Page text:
Saint of the Day: St. Amphilochios

(Welcome to our Saint of the Day series! Each weekday, we present you with an excerpt from Fr. George Poulos' Orthodox Saints series, published by Holy Cross Orthodox Press.Today's saint, Amphilochios, comes from Volume 4 of the series.) 
Saint Amphilochios

Historians have failed to give due recognition to a saint whose lot it was to have lived in the same era, between 350 and 400, when the theological scene was dominated by the three great hierarchs, St. Basil the Great, St. Gregory the Theologian and St. John Chrysostom. This holy triumvirate unwittingly placed in their shadow a man who most consider to have been their equal, but they had no way of knowing how history would treat a man with whom they trod on the same level.

This obviously overlooked and underestimated saint was a man whose cumbersome name of Amphilochios may have been too much for some historian’s quill. But Amphilochios can be easily looked upon in historical review as having been a fourth member of the great hierarchy whom God placed among men at a time when the need for Christian leadership was greatest. Very much in the background now, he was abreast of the three hierarchs, adding to the luster in that “Golden Age” of Christianity.

In his lifetime, Amphilochios was very evident on the Christian scene. He enjoyed the friendship of St. Basil and St. Gregory, both of whom he sought to assist in the Christian endeavor, but neither of whom he is known to have tried to upstage. He preferred to remain in the wings, all the while projecting the image of his counterparts while he remained in virtual anonymity. That is not to say that Amphilochios followed the leader. On the contrary, he was his own man in adding to the glory of the church of Jesus Christ. A long, hard look at this man brings him out of the shadows and places him in the forefront in thought and deed, every bit as important to the development of Christianity as any of his contemporaries.

Born in Cappadocia, Amphilochios was, at the age of twenty-five, one of the most brilliant scholars and orators found not only in that city, but in the rest of the civilized world. It was Christendom’s good fortune that he chose to follow Christ and apply his talents to the Savior’s cause. He was a cousin of St. Gregory of Nazianzos, with whom he corresponded regularly, and by whom he was influenced greatly. While serving in Constantinople as rhetor, he displayed the erudition which prompted the commendation of St. Basil, with whom he also corresponded throughout his lifetime.

Amphilochios had left Constantinople for the bleakness of an Asian desert in order to find solitude for the spiritual refreshment that can be found in self-denial when he received word that his two friends, Basil and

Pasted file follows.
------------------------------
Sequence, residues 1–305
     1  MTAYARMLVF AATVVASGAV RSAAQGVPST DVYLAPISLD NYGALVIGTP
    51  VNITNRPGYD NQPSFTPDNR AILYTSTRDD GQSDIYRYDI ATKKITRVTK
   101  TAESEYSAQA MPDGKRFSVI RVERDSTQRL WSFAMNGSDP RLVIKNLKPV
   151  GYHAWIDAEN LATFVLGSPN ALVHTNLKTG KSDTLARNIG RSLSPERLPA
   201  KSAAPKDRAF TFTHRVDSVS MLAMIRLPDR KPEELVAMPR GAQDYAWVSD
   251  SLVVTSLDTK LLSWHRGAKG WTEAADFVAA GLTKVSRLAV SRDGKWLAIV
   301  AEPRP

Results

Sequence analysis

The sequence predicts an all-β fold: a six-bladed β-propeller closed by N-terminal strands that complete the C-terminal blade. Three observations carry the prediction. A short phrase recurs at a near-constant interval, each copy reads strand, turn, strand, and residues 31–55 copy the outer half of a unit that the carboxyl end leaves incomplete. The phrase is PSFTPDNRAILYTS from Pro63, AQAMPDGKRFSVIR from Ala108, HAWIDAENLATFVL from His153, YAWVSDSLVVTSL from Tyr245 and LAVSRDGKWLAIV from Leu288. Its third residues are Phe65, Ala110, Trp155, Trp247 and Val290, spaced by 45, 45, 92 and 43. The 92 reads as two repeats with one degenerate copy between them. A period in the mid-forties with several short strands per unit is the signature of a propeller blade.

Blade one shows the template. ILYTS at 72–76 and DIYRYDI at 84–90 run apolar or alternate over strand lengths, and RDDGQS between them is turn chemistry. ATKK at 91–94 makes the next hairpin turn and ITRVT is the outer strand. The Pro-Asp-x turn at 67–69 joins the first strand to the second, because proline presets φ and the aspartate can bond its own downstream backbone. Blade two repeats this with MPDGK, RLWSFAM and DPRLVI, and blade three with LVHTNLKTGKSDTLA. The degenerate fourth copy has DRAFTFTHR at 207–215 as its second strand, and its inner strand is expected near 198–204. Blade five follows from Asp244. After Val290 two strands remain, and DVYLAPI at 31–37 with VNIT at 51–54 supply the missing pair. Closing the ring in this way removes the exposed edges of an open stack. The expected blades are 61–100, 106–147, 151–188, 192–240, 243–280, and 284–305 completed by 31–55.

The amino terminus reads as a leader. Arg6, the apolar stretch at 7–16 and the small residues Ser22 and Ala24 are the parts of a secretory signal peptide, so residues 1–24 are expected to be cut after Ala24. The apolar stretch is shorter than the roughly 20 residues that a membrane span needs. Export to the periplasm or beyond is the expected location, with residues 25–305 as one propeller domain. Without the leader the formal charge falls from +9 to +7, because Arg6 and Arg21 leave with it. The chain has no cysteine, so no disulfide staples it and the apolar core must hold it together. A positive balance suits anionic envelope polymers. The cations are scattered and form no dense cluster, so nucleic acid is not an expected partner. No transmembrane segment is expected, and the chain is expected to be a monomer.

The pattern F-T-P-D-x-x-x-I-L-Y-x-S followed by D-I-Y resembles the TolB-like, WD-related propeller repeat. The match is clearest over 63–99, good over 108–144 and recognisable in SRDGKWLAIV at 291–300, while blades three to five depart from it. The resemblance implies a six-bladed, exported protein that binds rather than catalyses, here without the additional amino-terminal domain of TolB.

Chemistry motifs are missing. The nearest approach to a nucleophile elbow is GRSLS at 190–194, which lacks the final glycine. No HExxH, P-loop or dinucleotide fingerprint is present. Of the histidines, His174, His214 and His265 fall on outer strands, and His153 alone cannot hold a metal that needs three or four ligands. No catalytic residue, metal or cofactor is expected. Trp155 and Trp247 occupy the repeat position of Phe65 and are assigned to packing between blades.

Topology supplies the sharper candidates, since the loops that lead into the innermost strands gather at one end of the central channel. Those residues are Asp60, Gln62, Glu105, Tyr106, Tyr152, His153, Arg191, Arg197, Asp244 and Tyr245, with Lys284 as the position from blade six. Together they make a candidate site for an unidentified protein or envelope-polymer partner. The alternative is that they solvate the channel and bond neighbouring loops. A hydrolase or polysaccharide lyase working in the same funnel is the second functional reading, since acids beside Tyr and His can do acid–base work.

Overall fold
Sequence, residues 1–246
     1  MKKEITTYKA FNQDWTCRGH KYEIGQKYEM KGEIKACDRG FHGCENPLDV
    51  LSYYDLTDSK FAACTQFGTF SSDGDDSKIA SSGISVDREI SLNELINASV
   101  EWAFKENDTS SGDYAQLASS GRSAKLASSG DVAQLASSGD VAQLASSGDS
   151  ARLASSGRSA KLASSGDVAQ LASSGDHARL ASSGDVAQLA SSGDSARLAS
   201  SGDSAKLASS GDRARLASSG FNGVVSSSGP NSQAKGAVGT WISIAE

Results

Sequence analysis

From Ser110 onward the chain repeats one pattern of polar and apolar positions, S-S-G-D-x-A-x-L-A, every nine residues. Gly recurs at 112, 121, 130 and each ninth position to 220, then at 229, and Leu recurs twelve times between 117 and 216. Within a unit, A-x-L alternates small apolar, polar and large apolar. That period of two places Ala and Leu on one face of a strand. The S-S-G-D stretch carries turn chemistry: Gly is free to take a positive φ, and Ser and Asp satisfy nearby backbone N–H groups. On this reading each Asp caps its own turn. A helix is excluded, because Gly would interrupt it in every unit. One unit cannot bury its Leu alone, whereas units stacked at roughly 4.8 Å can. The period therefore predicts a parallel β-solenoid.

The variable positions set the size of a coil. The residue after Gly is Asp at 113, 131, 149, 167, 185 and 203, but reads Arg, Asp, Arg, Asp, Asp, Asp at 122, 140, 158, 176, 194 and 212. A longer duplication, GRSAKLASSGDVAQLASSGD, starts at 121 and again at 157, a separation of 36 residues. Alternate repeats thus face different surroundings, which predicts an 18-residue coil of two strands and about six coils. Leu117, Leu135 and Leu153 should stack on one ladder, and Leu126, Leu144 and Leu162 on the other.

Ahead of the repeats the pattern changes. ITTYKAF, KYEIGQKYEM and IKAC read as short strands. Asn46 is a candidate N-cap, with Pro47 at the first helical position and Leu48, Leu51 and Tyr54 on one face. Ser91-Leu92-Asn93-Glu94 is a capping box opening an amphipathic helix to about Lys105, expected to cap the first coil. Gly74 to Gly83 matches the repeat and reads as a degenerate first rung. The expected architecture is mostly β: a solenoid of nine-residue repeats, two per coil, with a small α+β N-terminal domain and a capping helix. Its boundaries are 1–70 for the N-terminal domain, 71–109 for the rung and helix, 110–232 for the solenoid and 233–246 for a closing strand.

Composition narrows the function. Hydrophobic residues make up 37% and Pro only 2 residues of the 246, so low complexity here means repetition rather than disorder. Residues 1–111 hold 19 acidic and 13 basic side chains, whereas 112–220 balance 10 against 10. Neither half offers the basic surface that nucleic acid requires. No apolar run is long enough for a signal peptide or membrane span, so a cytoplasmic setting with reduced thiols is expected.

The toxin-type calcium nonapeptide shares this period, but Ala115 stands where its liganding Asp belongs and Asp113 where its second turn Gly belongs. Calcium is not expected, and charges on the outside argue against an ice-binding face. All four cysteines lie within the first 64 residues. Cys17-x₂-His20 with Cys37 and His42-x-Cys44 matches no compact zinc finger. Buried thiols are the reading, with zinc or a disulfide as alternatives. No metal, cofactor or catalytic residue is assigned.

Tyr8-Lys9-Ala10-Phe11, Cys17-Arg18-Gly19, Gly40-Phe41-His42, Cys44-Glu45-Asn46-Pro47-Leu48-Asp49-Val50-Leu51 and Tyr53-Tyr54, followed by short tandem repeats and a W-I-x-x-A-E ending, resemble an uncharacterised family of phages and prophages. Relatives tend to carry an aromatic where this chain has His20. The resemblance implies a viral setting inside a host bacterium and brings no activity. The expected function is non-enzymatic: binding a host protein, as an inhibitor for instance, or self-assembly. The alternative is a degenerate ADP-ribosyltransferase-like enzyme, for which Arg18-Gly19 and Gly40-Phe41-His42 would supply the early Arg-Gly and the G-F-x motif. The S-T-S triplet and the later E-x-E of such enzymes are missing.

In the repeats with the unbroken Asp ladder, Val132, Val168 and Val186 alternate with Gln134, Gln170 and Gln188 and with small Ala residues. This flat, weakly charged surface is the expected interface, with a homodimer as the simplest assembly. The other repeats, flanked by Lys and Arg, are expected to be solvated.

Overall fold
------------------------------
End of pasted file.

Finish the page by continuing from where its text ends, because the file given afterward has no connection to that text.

Gregory, had arranged for him to become archbishop of Ikonion, a post made vacant by the death of Archbishop John. Hesitant at first to leave the seclusion which was affording him an inner peace, he was prevailed upon to leave the desert on the grounds that it would be in the best interest of the Church for him to serve as a hierarch.

The recommendation of his friends was more than justified when the noble Amphilochios asserted himself as bishop of a see whose members in very short order realized that they had been blessed with a spiritual leader of the highest caliber. An accomplished theologian, he made his presence felt not only in the bishopric, but in other parts of the empire. There he was known not only as a brilliant leader of a Christian sector, but a strong defender of the faith against heresy from within, as well as from the enemies outside the Church.

Invited to speak at a church of Caesaria by his friend Basil, he delivered a sermon aimed particularly at the heresy of Arianism, speaking out in a denouncement with all the oratorical power at his command. His firm stand on the issues was well received by all who heard him, including Basil, and he emerged as the standard-bearer in the preservation of the true Orthodox faith. When the cause of Arianism, which would have sundered the character of Jesus Christ, found sympathy with Emperor Theodosios, he was chosen as spokesman for Orthodoxy in an a empt to convince the emperor that Arianism was heresy. The fact that others failed before him did not deter the resolute bishop.

In his interview a dramatic gesture of ignoring the emperor’s son illustrated the folly of Arianism, and Amphilochios emerged victorious. He went on to other triumphs, but in his long life the denial of Arianism was his greatest.

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